How HealthCare.gov Is Giving A Once-Obscure Bill A Boost
As federal tech launches go, it's not just HealthCare.gov that didn't take off. A report from IT research firm the Standish Group finds that 94 percent of federal IT projects come in late, over budget or get scrapped completely.
President Obama focused on the issue of procuring technology for the federal government in a recent interview.
"The biggest gap between the private sector and the federal government is when it comes to IT: how we procure it, how we purchase it. I actually think that once we get this particular website fixed, there are going to be some lessons learned that we can apply to the federal government generally," Obama told NBC News.
But thanks to HealthCare.gov, the otherwise wonky topic of federal procurement reform is getting new momentum. And the renewed focus is giving a once-obscure House bill a boost. The Federal Information Technology Acquisition Reform Act, or FITARA, is getting another look with help from strange political bedfellows.
"Federal IT has always been behind, but federal IT has also spent the money to not be behind. So you can't blame it on a lack of money," said Rep. Darrell Issa, R-Calif.
Issa chairs the House committee investigating HealthCare.gov and is the co-author of FITARA. One reason he says the issue is important is because the federal government spent $82 billion last year on technology projects, with mixed results.
"Everyone wants something that does well and costs the American people less. And the $82 billion we spent on IT is not well spent today and it's a management organizational problem," Issa says.
To address the management problem, FITARA puts the role of chief information officer, or CIO, at the heart of federal agencies, giving those officials more budget authority, power and prominence.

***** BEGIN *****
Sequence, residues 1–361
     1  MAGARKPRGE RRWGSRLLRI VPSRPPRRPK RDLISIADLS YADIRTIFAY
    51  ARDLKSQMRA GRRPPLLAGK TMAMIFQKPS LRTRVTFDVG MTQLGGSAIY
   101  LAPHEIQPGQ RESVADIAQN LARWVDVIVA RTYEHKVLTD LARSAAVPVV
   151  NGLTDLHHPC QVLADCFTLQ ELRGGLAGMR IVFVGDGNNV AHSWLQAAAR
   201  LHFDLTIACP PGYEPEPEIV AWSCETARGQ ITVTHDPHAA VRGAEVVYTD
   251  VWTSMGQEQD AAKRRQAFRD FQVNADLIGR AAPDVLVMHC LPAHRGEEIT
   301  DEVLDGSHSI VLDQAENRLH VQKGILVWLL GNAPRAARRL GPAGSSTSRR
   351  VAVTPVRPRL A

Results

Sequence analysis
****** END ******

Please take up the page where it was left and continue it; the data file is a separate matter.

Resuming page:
"[When] you prevent the proliferation of CIOs in name only, you begin to at least have a point at which somebody knows that if they're called on the carpet for a failure, they will own that failure," Issa says.
He says more accountability attracts stronger candidates for those jobs. And stronger CIOs could mean better written contracts that make it harder to get away with doing bad work. In pushing this bill, Issa not only has the prominent current IT failure to point to, he has a dedicated partner.
FITARA's co-author is Rep. Gerry Connolly, a Virginia Democrat.
"It is unusual," Connolly says of the partnership.
On almost every other issue, Connolly not only disagrees with but quite publicly opposes Issa.
"I will admit it probably raised some eyebrows here in [Washington] that Issa and Connolly got together on anything — but on this one we both feel passionate," Connolly says. His Northern Virginia district is notable for being home to more federal IT contractors than any other. So FITARA is a priority for his constituents.
Besides strengthening CIOs, the bill clarifies current law that allows for open source, or more transparent, software solutions. He hopes that makes it more appealing for smaller companies to bid on projects.
"We haven't updated federal IT acquisition and procurement rules in a quarter of a century," Connolly says. "Now in the world of IT, fast-moving IT ... that's a millennium. So it's about time, it's long overdue that we reform the system and try to make it more responsive, more accountable, more effective."
After all, the Internet was first created inside the federal government — so it can do innovation sometimes.
Right now, the next move on FITARA is up to the Senate. The House passed it in June without much fanfare as an amendment to a defense bill. Various senators — from both parties — have included parts of FITARA as amendments to existing bills in the upper chamber. With that kind of movement, Connolly thinks it could become law.
"I think it's probably the best bill we're gonna get out of this Congress. It would be a terrible missed opportunity if the Senate doesn't act on this bill," he says.
A fairly broad, bipartisan bill out of this Congress sounds like a lofty goal, but the unexpected does happen. The unusual pairing of the bill's two co-authors as a good example.
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